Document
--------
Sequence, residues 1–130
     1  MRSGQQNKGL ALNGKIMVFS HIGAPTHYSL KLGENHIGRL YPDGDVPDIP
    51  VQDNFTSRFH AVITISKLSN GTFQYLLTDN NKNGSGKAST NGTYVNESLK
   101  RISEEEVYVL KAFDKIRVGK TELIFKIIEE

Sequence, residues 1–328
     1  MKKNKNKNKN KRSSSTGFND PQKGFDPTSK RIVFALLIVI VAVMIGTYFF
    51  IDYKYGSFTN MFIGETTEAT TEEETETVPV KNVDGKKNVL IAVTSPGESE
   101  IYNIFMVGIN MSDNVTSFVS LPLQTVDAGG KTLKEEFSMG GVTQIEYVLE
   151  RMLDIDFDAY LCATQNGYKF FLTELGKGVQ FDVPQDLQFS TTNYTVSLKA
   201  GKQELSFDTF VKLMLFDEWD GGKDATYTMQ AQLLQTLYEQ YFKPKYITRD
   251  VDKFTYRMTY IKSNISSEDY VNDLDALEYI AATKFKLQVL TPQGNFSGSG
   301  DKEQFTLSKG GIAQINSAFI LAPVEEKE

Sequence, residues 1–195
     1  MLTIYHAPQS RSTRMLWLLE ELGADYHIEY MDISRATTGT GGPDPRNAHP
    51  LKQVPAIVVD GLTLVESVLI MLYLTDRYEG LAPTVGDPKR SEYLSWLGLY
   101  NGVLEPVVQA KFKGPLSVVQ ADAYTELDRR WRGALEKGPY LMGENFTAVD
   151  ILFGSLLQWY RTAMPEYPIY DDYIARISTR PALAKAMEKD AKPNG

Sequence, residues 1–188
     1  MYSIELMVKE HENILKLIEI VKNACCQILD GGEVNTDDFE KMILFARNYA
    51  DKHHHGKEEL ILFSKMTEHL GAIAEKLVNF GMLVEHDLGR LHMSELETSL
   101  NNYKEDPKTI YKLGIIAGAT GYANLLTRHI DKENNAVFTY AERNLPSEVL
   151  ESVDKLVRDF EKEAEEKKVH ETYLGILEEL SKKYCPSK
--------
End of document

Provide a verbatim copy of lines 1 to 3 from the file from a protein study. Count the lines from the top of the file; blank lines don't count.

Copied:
Sequence, residues 1–130
     1  MRSGQQNKGL ALNGKIMVFS HIGAPTHYSL KLGENHIGRL YPDGDVPDIP
    51  VQDNFTSRFH AVITISKLSN GTFQYLLTDN NKNGSGKAST NGTYVNESLK